At one time the lure of a decent pay packet was enough to make school-leavers and young graduates snap up a job offer. Not anymore. Pay still matters, but if it doesn’t come as part of a wider employment package that includes employee wellbeing supports, work-life balance initiatives, career progression opportunities and alignment with personal values, then the under-30s, and the 20- to 25-year-olds in particular, will choose to work somewhere where it does.
This expectation of a more holistic approach to employment was accelerated by the pandemic and is particularly strong among younger workers who struggled with the isolation of remote working during the lockdown. The message coming out loud and clear from these post-Millennials since is that they want and need more support at the start of their careers. Employers that recognise this stand a better chance of bringing the next generation of workers on board and retaining them, says Siobhán Kelly, managing director of human capital solutions at professional services firm Aon Ireland.
Kelly’s comments come on the back of a new report prepared jointly by Aon and corporate training and professional development company HPC Global, which found that while organisations see early career programmes as crucial in attracting high-calibre talent and bringing new skills into a business, many are “not taking full advantage of their investment in early career individuals and may now need to revisit how they select and develop young talent”, Kelly says.
Unsurprisingly, retention was the top issue for employers who contributed to the report which also found that despite having good salary and development packages on offer for this age group, many employers were failing to communicate their merits strongly enough to potential recruits.
“It’s clear that business and HR leaders need to reassess how they present their organisation,” says Kevin Hannigan, client director with HPC Global. “With development offerings, programme structure and salary all known to be important to early career professionals, transparency around these elements will help to ensure that candidates do not rethink their decision at offer stage, or even after joining, all of which would have an impact on retention.”
The report acknowledges that recruiting and retaining the 20-something demographic is not without its challenges and having talked to companies across 15 sectors employing 150,000 people with a graduate intake of more than 1,500 a year, the report offers a number of recommendations to help organisations compete for young talent more effectively. These include having a clearly defined employee value proposition, identifying future skills needs within the business and aligning them with early career programmes and putting resources into employee development that will have the greatest impact for those in the early stages of their professional lives.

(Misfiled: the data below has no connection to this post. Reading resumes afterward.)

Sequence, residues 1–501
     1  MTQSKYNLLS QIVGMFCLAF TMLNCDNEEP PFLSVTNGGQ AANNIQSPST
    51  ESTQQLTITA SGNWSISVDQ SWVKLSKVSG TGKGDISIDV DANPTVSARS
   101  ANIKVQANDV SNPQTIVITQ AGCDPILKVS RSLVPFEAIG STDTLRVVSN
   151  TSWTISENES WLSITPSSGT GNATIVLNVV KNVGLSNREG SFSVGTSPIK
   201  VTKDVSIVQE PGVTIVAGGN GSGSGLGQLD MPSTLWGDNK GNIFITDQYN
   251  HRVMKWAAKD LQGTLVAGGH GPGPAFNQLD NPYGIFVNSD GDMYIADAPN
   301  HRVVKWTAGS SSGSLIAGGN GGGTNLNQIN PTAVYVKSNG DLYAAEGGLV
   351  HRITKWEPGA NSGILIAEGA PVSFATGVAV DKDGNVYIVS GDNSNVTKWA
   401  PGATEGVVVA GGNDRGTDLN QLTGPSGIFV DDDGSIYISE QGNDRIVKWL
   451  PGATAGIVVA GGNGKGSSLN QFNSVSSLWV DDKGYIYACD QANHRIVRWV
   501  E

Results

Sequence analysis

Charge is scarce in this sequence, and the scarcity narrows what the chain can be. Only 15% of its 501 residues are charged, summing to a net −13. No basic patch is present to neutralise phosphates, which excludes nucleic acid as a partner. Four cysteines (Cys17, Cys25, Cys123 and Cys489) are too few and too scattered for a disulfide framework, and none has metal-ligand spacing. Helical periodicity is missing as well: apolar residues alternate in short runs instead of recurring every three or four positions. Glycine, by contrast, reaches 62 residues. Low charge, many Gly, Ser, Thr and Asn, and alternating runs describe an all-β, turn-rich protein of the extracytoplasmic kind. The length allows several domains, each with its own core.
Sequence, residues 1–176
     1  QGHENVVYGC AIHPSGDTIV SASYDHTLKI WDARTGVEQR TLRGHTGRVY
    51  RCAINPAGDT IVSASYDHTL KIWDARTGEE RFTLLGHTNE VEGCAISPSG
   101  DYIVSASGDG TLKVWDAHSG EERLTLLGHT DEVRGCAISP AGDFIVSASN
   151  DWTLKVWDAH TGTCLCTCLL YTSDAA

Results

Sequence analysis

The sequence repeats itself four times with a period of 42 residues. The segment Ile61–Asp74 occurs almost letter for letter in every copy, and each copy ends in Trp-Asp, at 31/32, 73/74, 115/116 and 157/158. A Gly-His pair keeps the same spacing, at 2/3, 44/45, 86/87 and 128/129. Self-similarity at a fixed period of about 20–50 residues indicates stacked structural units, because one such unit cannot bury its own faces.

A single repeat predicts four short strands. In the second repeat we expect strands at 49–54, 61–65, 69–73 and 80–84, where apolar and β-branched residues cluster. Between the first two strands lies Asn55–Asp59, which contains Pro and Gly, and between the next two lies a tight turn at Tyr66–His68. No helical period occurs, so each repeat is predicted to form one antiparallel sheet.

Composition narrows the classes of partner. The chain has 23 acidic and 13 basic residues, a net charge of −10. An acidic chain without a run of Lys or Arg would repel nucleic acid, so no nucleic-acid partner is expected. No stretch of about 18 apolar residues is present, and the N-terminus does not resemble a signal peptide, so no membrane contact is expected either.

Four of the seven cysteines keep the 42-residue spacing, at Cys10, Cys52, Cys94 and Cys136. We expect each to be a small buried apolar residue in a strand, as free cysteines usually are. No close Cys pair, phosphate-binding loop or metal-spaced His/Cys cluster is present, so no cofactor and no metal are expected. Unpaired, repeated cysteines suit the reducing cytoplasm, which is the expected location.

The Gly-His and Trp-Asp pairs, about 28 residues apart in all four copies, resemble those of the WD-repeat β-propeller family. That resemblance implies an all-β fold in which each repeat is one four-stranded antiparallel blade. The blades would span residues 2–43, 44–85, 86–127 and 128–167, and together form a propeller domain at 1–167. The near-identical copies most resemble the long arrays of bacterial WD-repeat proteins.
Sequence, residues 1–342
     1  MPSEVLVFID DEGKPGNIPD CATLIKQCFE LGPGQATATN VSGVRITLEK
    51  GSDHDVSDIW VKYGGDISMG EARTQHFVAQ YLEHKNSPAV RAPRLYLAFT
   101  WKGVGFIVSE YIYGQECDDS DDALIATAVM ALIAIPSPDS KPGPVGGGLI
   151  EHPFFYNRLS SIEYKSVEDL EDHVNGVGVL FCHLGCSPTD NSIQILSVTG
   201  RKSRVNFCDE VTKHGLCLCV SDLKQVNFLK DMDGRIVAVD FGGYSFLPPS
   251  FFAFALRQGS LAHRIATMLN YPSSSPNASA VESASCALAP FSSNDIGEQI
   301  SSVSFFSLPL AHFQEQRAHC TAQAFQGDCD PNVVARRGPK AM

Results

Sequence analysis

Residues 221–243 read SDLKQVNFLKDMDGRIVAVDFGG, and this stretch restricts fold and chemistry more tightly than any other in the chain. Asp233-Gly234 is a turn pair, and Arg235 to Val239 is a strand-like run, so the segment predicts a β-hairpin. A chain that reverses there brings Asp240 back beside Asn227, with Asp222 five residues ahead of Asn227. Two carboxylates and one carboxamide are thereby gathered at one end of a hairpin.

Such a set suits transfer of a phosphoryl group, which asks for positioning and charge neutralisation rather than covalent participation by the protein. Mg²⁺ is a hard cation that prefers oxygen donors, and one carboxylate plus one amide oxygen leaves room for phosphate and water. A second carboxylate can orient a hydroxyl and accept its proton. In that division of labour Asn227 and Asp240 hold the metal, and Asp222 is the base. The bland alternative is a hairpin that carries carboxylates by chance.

“Companies need to make better use of data-driven insights to understand what’s driving the career interests of Generation Z and match them to development opportunities,” Kelly says. “Old style ‘template’ and ‘best practice’ approaches to employee development may not work best because they don’t necessarily align with what a business needs right now. For example, if you want people to be innovative and curious, you need to put them into real situations where this can happen in a meaningful way, not into a two-day workshop on innovation.
“Our research shows that many companies are not integrating the KSA (knowledge, skills and attitudes) they consider important into their employee training and development programmes,” she adds. “This highlights significant opportunities for improvement and a clear way to accelerate the delivery of critical skills for the future. It’s also important to Integrate these KSA’s into company feedback and formal review processes so that programme participants are constantly nudged about their importance and have an opportunity to discuss them in practice.”
Asked where companies with hiring practices in need of a makeover should start, Kelly takes aim at two things: the sacred cow that is the CV and the failure of HR professionals to make better use of data.
Kelly’s view is that the legacy dependence on the CV that persists in many organisations does not serve the recruitment process in general very well and is actually detrimental when relied on too heavily to recruit young people with little or no work experience.
“We know that companies are trying to move away from an overemphasis on the CV but 90 per cent still use it to support decision making,” she says. “But when we think about CVs and their validity – validity meaning something that measures what it’s supposed to measure in a given context – then they score very low with early career level applicants where what you’re really looking for is potential.”
What also bothers Kelly about CVs is that interpreting them can be highly subjective and unintentionally biased and this has the potential to stymie workplace diversity. Psychometrics, she says, offer a much more objective means of measurement. With such a wide range of tests now available to assess everything from numeracy and verbal fluency to logic, behaviour, personality and risk, organisations should be linking assessments to the competencies they want and making more use of the insights they produce. One of the reasons this doesn’t happen is because many hiring managers don’t feel confident and competent to use them.
“We found that only a third of talent acquisition professionals feel comfortable using psychometric data to influence decision making within the business. That needs to change,” Kelly says.